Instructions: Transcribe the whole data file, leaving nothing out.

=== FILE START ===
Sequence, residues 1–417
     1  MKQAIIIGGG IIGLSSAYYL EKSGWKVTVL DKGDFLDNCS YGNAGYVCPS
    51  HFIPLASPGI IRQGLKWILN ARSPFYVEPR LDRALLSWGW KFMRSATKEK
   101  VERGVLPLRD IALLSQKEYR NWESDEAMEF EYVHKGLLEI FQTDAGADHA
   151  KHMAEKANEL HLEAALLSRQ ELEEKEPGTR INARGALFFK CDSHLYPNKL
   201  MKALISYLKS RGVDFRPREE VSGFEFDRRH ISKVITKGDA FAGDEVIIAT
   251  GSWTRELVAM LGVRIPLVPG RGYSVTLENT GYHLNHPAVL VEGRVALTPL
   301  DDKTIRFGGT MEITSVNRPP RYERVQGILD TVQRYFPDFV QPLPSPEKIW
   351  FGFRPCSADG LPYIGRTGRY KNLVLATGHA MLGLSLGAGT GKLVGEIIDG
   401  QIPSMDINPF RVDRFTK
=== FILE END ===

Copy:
Sequence, residues 1–417
     1  MKQAIIIGGG IIGLSSAYYL EKSGWKVTVL DKGDFLDNCS YGNAGYVCPS
    51  HFIPLASPGI IRQGLKWILN ARSPFYVEPR LDRALLSWGW KFMRSATKEK
   101  VERGVLPLRD IALLSQKEYR NWESDEAMEF EYVHKGLLEI FQTDAGADHA
   151  KHMAEKANEL HLEAALLSRQ ELEEKEPGTR INARGALFFK CDSHLYPNKL
   201  MKALISYLKS RGVDFRPREE VSGFEFDRRH ISKVITKGDA FAGDEVIIAT
   251  GSWTRELVAM LGVRIPLVPG RGYSVTLENT GYHLNHPAVL VEGRVALTPL
   301  DDKTIRFGGT MEITSVNRPP RYERVQGILD TVQRYFPDFV QPLPSPEKIW
   351  FGFRPCSADG LPYIGRTGRY KNLVLATGHA MLGLSLGAGT GKLVGEIIDG
   401  QIPSMDINPF RVDRFTK